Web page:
Thanks to NDEAM, October is filled with reminders regarding the importance of employment opportunities for people with barriers.
National Disability Employment Awareness Month (NDEAM) got its start back in 1945 when Congress declared the first week of October “National Employ the Physically Handicapped Week.” While the words have changed, the movement to help people with barriers find empowerment and independence has not. At Chinook Enterprises, we do our best to promote this life-affirming message all year long.
Last year, Chinook’s Community Employment Services (CES) Staff worked tirelessly to develop jobs for 25 people. Between newly developed and existing jobs, staff worked in tandem with 66 local employers. Looking back to Chinook’s genesis in 1980, we can proudly state that we’ve helped create over 1153 new jobs in our community!
We are grateful and hopeful. But we have much work to do. For example, last year, we saw a dramatic increase in the average hourly wage from $11.22 to $12.43. An increasing wage rate sounds like a good thing. But at the end of the year, our data told another story. Along with increasing wages, our placements also experienced decreasing hours—a 30 percent decrease on average.
The decrease in hours was the most powerful influencer in a decrease in annual earnings for the group. Overall, earnings were down from $468,922 in 2017 to $378,500 in 2018, a total of 19 percent. Read our 2018 Annual Report Infographic.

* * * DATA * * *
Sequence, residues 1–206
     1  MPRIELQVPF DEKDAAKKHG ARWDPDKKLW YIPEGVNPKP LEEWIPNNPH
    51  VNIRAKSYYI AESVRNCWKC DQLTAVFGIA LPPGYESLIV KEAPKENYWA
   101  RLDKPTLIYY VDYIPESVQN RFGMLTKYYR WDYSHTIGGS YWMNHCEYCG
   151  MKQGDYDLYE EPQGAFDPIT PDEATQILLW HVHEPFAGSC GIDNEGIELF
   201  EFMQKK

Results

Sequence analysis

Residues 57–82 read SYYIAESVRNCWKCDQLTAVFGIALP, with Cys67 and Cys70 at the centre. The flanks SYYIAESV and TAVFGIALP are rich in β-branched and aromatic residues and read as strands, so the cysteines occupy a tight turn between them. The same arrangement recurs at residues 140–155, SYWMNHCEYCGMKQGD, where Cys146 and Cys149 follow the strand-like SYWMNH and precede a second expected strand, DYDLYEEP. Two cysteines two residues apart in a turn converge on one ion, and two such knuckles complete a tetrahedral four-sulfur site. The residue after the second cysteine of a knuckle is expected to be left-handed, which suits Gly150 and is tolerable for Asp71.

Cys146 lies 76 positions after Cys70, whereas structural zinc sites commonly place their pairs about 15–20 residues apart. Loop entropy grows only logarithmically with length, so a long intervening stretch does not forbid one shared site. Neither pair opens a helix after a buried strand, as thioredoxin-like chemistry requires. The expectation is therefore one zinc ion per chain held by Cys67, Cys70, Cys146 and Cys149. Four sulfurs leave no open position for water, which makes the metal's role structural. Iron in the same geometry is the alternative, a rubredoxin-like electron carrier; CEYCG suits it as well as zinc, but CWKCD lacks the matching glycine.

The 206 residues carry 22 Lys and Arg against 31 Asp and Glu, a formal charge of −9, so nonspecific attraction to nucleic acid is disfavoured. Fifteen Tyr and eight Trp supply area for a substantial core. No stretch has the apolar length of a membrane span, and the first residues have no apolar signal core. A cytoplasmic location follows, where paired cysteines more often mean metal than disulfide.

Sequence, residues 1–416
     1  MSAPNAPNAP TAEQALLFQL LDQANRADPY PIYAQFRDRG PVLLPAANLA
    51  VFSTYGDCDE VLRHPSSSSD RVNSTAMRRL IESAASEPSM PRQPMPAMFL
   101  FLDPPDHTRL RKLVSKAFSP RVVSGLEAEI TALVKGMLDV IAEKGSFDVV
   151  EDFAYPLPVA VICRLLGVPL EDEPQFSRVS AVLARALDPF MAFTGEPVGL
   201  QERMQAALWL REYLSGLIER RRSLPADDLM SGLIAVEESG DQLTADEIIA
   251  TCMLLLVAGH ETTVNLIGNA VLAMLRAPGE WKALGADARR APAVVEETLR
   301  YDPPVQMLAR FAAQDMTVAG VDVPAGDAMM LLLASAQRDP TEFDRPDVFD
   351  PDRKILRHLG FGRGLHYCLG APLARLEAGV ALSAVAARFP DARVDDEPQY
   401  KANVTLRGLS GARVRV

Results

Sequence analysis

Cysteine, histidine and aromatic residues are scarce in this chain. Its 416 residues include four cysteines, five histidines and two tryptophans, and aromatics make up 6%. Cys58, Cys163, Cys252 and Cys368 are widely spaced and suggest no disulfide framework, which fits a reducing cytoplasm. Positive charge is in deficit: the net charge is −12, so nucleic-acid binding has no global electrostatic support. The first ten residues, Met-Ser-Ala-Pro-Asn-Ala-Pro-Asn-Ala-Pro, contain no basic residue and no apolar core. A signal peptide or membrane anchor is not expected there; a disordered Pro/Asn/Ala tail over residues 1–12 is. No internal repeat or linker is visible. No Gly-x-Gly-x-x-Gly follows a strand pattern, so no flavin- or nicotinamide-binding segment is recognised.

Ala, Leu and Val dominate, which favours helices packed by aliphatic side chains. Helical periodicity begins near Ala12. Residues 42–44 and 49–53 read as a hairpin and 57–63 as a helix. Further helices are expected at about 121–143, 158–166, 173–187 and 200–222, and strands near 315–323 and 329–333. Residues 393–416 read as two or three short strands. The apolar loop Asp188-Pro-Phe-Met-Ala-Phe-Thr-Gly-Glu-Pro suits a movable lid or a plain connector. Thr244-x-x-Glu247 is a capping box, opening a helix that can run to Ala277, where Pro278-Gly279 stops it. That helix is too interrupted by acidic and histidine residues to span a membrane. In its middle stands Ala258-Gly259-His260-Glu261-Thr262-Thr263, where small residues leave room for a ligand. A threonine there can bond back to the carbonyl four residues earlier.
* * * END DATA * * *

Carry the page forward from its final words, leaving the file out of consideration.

What is the solution?
How can we continue to influence not only the employment rate of people with barriers but also the hours they are offered as well as the rates they are paid for a job well done. There is no one on our team, and certainly not those we work with, who wishes to be paid more than an amount equal to what they bring to the table: A fair wage for a job well done. That is all. But the trend of reduced hours is a troubling one.
At the close of 2019, we will have more data to compare and share. We hope to see a trend reversal or at least a stabilization. We understand that a dramatic increase in the minimum wage (which many of our placement earn) has been hard on employers who hire from the entry-level low-skilled labor pool.
One of our initiatives will be to host a yearly event during October to thank and engage our community in sharing the message that accessibility and opportunity are basic needs of all people. On October 10, 2019, we will offer a short program and a movie, ‘Far from the Tree,’ that speaks to these objectives. Next year we may offer a featured speaker and more audience dialogue. If you have any ideas about the type of program you would like to experience, please don’t hesitate to reach out to us and share your thoughts. After all, it’s up to each one of us to pursue a road, perhaps less traveled, but worth the journey nonetheless. In this way our community may continue to move toward more accessibility and inclusivity for all.